Breakdowns

Tracking Changes in Positional Value in Today’s NFL

Over time, there has been a subtle change in the value placed upon certain positions in football. I do not think there has been a massive shift, but there are instances in which today’s perception is somewhat different than what it was 10 or 15 years ago.

 

Let’s examine some of these instances:

 

Risers

 

The Top Right Tackles vs. the Top Left Tackles

This began as a subtle difference but it is one that could become more noteworthy. I still think left is more important, but I used to think it was a huge difference as opposed to only a little now. It used to be that teams always put their best pass rusher at right defensive end. That, combined with it being the quarterback’s blindside (which others emphasized but I thought it was more of a secondary importance), elevated the importance of the left tackle. Now, we have a lot of left defensive ends that are good or teams that switch guys back and forth depending on matchups. All that has narrowed the gap significantly. Even looking back, the number of teams that had two good defensive ends was fairly small. The teams that switched guys back and forth were virtually non-existent. We have seen a huge increase in this.

 

It is hard for most offensive linemen to switch from the left to the right. There was an assumption the same was true for pass rushers, never for any real solid reason. Some players were on the right simply because they were right-handed, and they were actually discovered to be better on the left. Teams also realized guys rushing against weaker tackles on either side can maximize effectiveness. Even looking at the playoff teams from last season, most teams have two guys that could rush or a guy that can move around on defense. Football has changed; it is now about mismatches, not necessarily just big-on-big. Coaches moved slowly on this.

 

The top left tackles are making $20-23 million annually, and Lane Johnson is still the highest-paid right tackle at $18 million, with the rest at or below $14 million. Why is there still a pay gap if the smart teams realize the importance of both a solid right tackle and left tackle?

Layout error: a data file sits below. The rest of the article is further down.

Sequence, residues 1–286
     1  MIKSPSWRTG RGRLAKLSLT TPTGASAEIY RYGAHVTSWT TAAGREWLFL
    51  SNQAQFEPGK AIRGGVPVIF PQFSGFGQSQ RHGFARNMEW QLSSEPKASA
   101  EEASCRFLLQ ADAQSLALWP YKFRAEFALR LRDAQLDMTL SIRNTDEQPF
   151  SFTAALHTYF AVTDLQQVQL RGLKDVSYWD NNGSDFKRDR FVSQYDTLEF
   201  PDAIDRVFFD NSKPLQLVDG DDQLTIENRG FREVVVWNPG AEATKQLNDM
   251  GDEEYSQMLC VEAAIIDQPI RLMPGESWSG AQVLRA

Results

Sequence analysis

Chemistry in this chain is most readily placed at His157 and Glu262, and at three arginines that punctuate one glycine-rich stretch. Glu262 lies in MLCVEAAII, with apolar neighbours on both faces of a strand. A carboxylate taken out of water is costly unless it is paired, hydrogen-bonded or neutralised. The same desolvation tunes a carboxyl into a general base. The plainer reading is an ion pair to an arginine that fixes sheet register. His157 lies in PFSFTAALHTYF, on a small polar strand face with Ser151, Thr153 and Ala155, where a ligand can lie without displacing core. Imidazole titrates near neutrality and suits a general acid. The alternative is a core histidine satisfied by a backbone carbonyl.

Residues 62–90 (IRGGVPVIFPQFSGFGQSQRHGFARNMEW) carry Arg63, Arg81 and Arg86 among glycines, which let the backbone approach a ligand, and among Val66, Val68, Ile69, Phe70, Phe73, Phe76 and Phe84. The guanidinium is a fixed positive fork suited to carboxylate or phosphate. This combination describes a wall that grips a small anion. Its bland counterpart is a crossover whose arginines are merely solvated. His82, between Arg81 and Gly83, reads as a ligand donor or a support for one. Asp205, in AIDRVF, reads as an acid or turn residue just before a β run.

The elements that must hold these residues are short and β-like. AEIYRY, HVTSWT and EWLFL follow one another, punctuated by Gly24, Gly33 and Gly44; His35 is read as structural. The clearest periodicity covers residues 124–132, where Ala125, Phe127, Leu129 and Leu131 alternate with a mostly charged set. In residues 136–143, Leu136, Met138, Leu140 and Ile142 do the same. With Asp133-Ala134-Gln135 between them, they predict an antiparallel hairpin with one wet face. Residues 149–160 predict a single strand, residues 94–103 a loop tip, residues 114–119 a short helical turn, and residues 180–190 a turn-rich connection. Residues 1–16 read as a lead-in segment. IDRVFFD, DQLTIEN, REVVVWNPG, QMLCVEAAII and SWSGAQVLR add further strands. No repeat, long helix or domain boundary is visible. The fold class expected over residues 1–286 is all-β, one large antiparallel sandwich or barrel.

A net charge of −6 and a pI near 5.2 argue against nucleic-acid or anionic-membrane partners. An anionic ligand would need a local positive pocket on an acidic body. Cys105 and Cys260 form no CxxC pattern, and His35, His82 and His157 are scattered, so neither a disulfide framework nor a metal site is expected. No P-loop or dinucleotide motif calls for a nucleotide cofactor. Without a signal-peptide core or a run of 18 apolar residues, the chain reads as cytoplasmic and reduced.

I think it starts in college. Teams play their best tackle on the left side. The market has shrunk a little and I expect it could continue some. The blindside will always separate the markets, but I still think it is bigger than it should be. If I had to pick, I would want the star tackle on the left — but that does not change how I would approach looking for a right tackle. When players like Jack Conklin and Taylor Moton (tag) cost $14 million annually, there is good value there.

The Value of Interior Offensive Linemen

Guards used to make considerably less than any tackle. Now, you have Washington bringing back Brandon Scherff on a second tag for over $18 million. Joe Thuney just signed with Kansas City for $16 million annually, a move that was enabled when Kansas City released two tackles to free up money.

 

With passing more prevalent and more teams moving around rushers, the value of the interior pocket has really gone up. You also have a lot of teams relying on young quarterbacks who may not be ready for the quickness of interior defensive linemen. Having a strong pocket is really a young quarterback’s best friend. It gives them half a second longer to scan the field and puts the team in a good position to be able to run and pass. Teams are starting to realize that if you can do a good job protecting the interior, it will allow your quarterback to step up and avoid any edge pressure.